AI has also enabled nonbanking companies — such as mega-retailer Amazon and payment-processing companies PayPal, Square and Stripe — to leverage their access to data from merchant customers to go into the lending business.
Nonbanking companies can use automated analysis of multiple factors, including account history, sales, customers and revenue growth, to determine which business fits its general lending criteria and make prompt lending decisions. Often, merchants are invited to seek a loan based on the lender’s advance knowledge of their creditworthiness.
Seeking Eligible Borrowers
“Our sophisticated tools are running every single day to find sellers who would be a good fit” for its loans, states one of the large payment processing fintech companies. The firm has already lent over $1 billion to more than 100,000 small companies.
Another top player in that field boasts that its loan applications take only five minutes to complete, and lending decisions and funding of approved loans are made in less than a minute. Instead of incurring periodic interest charges, borrowers pick a percentage of sales processed by the fintech company that the firm can deduct from the payments it processes, and that determines the amount of a fixed borrowing fee.
For example, let’s say you borrow $100,000 and agree to paying a fee of $4,000. The fee is recouped by allowing the lender to keep 30% of payments it processes on your behalf, until the fee is paid. If it takes a year to generate enough sales to cover the $4,000 fee on a $100,000 loan, then the annualized interest rate would be about 4%. If sales are such that the lender recoups its loan much faster than a year, then the annualized cost would be proportionately higher than 4%.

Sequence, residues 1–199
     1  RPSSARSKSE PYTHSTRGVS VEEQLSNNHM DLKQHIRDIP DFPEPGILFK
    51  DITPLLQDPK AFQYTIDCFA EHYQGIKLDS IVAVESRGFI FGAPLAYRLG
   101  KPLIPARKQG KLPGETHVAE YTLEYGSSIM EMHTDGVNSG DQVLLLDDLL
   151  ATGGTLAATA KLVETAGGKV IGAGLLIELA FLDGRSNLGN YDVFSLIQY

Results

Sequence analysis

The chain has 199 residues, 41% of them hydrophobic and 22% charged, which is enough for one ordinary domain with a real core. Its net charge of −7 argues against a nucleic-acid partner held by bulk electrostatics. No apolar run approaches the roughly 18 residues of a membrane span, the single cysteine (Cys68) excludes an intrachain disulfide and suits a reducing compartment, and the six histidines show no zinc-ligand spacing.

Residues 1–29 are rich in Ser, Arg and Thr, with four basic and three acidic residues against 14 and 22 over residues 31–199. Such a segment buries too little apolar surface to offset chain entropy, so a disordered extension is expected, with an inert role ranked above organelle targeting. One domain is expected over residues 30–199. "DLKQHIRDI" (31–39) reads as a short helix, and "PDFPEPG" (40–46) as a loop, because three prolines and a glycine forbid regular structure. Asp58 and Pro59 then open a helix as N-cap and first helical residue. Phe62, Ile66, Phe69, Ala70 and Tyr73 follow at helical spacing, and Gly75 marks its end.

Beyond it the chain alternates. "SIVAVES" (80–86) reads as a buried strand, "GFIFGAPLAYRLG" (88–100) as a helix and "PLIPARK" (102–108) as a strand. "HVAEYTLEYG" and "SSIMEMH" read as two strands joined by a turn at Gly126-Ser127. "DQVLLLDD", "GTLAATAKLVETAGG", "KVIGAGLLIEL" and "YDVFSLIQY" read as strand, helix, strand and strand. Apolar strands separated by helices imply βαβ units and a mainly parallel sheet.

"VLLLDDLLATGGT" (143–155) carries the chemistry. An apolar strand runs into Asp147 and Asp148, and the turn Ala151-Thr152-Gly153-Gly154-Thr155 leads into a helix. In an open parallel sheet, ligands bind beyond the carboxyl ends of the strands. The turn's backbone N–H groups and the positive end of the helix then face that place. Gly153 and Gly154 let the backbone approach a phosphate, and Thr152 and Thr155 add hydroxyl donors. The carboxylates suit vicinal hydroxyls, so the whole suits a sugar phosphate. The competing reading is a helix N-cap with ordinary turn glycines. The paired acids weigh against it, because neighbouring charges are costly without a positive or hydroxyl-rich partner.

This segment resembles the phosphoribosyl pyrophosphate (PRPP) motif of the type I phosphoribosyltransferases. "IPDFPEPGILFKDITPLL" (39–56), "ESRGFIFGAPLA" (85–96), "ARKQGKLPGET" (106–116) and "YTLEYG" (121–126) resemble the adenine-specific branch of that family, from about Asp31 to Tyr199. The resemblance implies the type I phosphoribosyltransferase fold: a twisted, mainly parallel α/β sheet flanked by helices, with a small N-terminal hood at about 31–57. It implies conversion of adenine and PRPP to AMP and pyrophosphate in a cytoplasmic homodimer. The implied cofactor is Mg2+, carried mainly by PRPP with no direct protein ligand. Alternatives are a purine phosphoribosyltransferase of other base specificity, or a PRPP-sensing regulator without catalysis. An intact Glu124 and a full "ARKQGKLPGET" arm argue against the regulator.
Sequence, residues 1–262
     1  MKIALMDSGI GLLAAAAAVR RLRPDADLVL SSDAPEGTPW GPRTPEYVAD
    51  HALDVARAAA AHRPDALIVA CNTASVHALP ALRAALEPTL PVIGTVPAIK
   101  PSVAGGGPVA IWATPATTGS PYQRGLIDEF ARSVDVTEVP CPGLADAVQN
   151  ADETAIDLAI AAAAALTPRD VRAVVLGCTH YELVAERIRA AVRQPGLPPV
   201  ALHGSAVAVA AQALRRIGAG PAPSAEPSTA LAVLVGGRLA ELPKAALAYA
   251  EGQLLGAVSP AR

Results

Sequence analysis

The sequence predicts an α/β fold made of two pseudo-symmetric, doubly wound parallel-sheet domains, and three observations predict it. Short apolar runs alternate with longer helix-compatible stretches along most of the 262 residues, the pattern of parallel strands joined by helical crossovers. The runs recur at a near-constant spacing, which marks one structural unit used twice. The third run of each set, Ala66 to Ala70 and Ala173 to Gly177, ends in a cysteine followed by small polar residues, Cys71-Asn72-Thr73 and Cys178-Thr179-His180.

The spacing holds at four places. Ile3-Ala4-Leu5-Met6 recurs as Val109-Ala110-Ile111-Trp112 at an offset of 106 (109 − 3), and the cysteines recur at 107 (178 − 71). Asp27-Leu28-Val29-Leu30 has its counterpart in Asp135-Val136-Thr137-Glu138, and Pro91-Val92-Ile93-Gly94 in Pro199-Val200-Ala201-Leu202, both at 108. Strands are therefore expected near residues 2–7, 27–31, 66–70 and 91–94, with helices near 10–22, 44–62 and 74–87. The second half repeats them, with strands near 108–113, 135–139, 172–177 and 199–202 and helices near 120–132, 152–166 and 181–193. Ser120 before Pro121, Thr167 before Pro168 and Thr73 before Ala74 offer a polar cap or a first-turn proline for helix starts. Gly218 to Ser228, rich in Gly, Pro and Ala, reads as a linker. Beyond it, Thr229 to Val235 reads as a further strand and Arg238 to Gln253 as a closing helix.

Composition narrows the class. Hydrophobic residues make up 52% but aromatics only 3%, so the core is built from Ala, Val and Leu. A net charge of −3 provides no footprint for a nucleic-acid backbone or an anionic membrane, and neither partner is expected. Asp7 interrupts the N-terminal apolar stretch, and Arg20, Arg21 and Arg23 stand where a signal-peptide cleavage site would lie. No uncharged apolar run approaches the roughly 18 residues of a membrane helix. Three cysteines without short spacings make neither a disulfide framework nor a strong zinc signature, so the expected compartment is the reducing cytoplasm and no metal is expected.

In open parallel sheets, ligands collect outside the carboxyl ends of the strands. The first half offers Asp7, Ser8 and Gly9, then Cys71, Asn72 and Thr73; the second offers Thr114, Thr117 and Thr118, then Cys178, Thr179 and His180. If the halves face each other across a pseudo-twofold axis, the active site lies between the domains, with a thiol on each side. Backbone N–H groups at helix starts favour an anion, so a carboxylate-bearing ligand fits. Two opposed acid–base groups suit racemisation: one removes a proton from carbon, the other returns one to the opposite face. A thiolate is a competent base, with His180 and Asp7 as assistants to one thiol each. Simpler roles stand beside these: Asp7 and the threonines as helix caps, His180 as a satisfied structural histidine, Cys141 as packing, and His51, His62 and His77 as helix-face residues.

Variable Pay Plans
Suppose, instead, that you opted to allow the fintech company to skim only 10% of your sales that it processes. In that case, it would take the lender longer to recoup the loan than in the previous example. So, the lender would require a fixed fee that’s considerably higher, perhaps three or four times as high.
Other variables impact the size of the fixed fees, such as your business track record with the fintech company and the size of the loan. Unlike many traditional small business loans, this fintech company doesn’t require a personal guarantee of payment by the business owner.
There is no “free lunch,” however. The greater the credit risk, the higher the interest will be, whether you’re borrowing from a fintech company or the bank down the street.
Meanwhile, traditional lenders recognize — and are responding to — the threat posed by fintech companies. One analysis of the small business lending scene recently commented on the “unlikely union” of traditional banks and fintech companies. Fintechs have contributed AI-powered fast credit extension decision-making, while banks bring their “large databases of user data and custom loan products to the table.”
In that analysis, the conclusion is that “by combining these strengths, a new era of small business funding is slowly budding.”
Final ThoughtsEven in a tough economy, technology has opened the options tremendously. Not only is there a growing array of lenders but also a virtual buffet of convenient possibilities, from the privacy of home if that’s what you choose. And that increased competition causes traditional lenders to fine-tune what they offer. It’s a win for lenders and small business borrowers alike.